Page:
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Narcolepsy - A Neurological Sleep Disorder
People suffering with narcolepsy often do not realize how sleepy they are, nor how often they fall asleep. It is often a family member, friend or coworker that convinces them that they need to seek medical help for their sleep disorder.
Narcolepsy has five main symptoms. These are excessive daytime sleepiness, insomnia and fragmented sleep, sleep paralysis, cataplexy and hypnagogic hallucinations. Some people with this sleep disorder experience only one symptom but others can experience all five.
Excessive daytime sleepiness is generally the first symptom to appear. Everyone with narcolepsy has this symptom. The feeling of needing to sleep is so strong that sufferers are unable to fend it off, regardless of how hard they try. These sleep attacks, as they are usually called, can happen several times and last for five to ten minutes.
Insomnia and fragmented sleep are a very common symptom of this sleep disorder. People with narcolepsey often have a very difficult time falling asleep at night, even though they fall asleep easily throughout the day. When they do fall asleep at night they wake up often and do not follow a typical REM / non REM sleep pattern.
Sleep paralysis occurs in about half of the people that suffer from this sleep disorder. For several minutes before falling to sleep or waking up, the person with this symptom cannot talk or move.
The loss of muscle function while awake is cataplexy. These episodes are usually very short in length. Over half of the people with narcolepsy experience this symptom of this sleep disorder. They are caused by a part of REM not functioning correctly. Often, episodes are brought on by anger, laughter or any other strong emotion. Sometimes knees buckle, necks and jaws become weak or the person may fall to the ground. Even though the person looks like they are asleep and cannot talk, they are fully awake and aware of what is happening.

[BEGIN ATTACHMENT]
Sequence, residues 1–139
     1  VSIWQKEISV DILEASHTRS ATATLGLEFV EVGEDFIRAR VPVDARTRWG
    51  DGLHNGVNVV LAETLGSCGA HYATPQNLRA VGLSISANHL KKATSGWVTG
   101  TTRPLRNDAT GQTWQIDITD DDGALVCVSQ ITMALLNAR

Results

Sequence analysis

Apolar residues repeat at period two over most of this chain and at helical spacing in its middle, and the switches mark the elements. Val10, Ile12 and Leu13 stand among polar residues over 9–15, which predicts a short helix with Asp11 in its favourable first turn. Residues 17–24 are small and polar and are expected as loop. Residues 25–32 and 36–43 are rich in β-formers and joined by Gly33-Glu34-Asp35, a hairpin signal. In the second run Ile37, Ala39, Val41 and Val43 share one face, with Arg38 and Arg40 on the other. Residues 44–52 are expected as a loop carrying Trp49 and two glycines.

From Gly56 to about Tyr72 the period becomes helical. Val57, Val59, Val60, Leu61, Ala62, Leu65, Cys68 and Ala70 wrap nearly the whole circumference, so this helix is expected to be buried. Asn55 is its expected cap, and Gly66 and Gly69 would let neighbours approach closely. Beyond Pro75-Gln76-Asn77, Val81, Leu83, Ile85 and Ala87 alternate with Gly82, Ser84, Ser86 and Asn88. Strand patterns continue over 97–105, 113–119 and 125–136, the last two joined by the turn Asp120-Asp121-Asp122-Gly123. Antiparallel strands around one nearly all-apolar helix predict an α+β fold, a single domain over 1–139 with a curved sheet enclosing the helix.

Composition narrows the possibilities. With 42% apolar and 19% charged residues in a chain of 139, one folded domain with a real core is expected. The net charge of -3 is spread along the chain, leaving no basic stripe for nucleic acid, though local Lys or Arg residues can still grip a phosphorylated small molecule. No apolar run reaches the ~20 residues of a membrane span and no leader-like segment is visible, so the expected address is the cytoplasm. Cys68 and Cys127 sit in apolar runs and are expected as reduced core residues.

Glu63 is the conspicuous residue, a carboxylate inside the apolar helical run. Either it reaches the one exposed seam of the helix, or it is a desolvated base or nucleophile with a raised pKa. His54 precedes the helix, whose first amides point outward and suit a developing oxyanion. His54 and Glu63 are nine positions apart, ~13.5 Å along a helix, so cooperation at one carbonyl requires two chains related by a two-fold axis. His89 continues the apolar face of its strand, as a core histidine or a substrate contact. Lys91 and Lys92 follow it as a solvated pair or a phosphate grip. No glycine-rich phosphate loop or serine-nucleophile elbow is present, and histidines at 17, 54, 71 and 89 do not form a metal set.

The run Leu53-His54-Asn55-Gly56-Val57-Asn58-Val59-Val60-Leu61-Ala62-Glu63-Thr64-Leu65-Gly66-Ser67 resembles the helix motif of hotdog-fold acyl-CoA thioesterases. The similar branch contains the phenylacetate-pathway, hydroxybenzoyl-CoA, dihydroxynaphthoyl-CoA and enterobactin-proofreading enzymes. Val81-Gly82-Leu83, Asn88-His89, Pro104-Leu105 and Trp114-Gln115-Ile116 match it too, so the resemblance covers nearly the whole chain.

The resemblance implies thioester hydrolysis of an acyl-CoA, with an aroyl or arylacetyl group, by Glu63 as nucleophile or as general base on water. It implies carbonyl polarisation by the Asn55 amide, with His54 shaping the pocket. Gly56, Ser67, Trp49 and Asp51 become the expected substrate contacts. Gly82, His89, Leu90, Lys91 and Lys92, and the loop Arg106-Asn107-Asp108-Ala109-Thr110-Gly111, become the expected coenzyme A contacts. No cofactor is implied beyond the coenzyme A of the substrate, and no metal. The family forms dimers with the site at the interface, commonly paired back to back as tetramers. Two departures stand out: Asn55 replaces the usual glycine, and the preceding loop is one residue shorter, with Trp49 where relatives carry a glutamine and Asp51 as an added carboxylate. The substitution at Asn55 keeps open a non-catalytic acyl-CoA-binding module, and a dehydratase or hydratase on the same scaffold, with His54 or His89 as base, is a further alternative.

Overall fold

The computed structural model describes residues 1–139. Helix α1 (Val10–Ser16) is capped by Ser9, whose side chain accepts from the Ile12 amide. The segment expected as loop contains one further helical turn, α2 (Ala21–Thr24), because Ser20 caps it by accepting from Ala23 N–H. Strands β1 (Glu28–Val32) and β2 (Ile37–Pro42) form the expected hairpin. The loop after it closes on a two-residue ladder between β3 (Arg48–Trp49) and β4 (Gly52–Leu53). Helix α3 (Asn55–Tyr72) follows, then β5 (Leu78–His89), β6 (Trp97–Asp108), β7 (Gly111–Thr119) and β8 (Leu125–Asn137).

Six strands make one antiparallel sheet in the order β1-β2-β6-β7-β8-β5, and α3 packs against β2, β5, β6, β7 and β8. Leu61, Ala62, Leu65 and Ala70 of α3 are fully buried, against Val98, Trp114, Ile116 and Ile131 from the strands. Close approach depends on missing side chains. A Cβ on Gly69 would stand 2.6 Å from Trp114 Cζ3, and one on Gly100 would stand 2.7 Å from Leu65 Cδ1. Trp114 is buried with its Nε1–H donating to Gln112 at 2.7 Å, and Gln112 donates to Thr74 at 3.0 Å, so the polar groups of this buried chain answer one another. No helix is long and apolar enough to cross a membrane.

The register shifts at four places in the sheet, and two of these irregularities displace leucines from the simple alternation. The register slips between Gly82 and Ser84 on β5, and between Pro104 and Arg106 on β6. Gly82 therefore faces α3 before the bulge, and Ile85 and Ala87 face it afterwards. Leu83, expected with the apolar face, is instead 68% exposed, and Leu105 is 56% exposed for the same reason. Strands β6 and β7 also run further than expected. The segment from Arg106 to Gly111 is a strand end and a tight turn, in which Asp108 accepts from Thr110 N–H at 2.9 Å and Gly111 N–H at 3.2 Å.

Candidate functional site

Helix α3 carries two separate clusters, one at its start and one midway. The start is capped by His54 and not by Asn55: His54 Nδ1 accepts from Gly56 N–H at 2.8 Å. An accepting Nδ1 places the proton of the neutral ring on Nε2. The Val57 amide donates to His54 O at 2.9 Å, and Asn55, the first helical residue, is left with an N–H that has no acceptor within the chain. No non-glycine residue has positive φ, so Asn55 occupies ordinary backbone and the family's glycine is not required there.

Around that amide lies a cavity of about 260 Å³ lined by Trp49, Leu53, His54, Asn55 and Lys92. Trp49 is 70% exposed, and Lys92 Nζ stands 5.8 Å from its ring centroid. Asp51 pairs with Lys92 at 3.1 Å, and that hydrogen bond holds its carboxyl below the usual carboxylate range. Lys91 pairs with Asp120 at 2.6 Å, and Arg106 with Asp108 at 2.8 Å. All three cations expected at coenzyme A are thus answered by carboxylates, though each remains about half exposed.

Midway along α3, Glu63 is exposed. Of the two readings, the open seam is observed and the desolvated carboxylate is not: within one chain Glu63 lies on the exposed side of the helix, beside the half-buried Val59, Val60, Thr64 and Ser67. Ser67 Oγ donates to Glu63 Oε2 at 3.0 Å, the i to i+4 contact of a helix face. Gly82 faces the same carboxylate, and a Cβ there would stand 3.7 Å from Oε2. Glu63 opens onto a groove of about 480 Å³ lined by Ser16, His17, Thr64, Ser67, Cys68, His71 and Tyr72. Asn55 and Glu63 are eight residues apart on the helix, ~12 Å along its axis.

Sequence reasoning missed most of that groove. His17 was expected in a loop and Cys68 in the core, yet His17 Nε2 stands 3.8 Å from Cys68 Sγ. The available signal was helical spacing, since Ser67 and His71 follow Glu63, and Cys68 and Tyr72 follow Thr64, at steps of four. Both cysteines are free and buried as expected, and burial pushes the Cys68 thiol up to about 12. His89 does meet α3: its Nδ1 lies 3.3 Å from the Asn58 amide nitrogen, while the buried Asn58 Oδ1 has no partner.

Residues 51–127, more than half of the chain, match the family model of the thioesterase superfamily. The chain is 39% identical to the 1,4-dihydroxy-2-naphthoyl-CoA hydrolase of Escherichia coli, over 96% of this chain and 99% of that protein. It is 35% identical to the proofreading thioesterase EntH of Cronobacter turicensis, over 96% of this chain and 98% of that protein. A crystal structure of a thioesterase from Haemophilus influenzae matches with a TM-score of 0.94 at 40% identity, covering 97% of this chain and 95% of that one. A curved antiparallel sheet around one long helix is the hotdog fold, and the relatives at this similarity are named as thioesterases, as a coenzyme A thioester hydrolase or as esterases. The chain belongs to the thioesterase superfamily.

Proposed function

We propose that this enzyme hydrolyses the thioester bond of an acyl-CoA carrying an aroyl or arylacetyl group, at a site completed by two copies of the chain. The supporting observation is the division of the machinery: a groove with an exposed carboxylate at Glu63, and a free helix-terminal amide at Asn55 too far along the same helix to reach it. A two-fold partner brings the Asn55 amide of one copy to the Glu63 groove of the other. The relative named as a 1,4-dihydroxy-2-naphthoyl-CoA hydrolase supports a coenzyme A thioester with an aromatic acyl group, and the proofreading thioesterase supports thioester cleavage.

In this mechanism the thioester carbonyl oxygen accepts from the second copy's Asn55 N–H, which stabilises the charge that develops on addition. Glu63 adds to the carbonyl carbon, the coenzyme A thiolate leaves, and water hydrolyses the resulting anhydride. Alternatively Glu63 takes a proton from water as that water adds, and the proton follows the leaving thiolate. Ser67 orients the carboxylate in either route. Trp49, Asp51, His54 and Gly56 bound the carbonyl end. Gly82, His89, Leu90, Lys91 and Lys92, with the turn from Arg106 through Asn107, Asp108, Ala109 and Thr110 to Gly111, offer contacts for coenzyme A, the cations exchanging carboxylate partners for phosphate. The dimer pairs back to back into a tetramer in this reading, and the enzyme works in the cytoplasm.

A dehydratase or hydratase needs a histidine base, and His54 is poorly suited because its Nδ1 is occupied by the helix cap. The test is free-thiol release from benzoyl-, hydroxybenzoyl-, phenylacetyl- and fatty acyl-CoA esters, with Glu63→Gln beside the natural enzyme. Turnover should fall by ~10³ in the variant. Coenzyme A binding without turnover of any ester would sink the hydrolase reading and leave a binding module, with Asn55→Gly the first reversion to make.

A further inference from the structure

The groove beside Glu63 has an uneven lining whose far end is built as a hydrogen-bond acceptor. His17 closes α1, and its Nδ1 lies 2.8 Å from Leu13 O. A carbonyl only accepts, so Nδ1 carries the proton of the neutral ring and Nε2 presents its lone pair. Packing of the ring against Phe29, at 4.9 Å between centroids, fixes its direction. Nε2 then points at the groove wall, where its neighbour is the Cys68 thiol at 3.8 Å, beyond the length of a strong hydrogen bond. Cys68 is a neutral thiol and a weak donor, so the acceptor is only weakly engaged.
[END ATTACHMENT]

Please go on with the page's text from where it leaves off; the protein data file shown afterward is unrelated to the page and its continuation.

A hypnagogic hallucination is experiencing very vivid and often frightening sounds, images or physical sensations. These occur from dreams just before the person is falling asleep or waking up. It is very difficult for a person with this sleep disorder to distinguish between the dream and reality. These hallucinations often have very dangerous themes and are extremely frightening. Often they are accompanied by sleep paralysis.
There are also several lesser symptoms of narcolepsy. These include blurred vision, migraine headaches, memory or concentration problems and automatic behavior. An apostate of automatic behavior can last for several minutes. During that time a person with this sleep disorder will perform a routine task. The task is often done incorrectly, such as placing a turkey in the dishwasher or writing past the end of a page.
Narcolepsy can be diagnosed and treated with various drugs. If left untreated this sleep disorder can ruin a person's life. Narcolepsy is manageable if you follow the doctor's instructions and taking medications when you're supposed to and following therapy plans that are designed for that person to follow to the last detail.
This information is not intended to be a substitute for professional medical advice. You should not use this material to diagnose or treat a health condition or disease without consulting with your healthcare provider.
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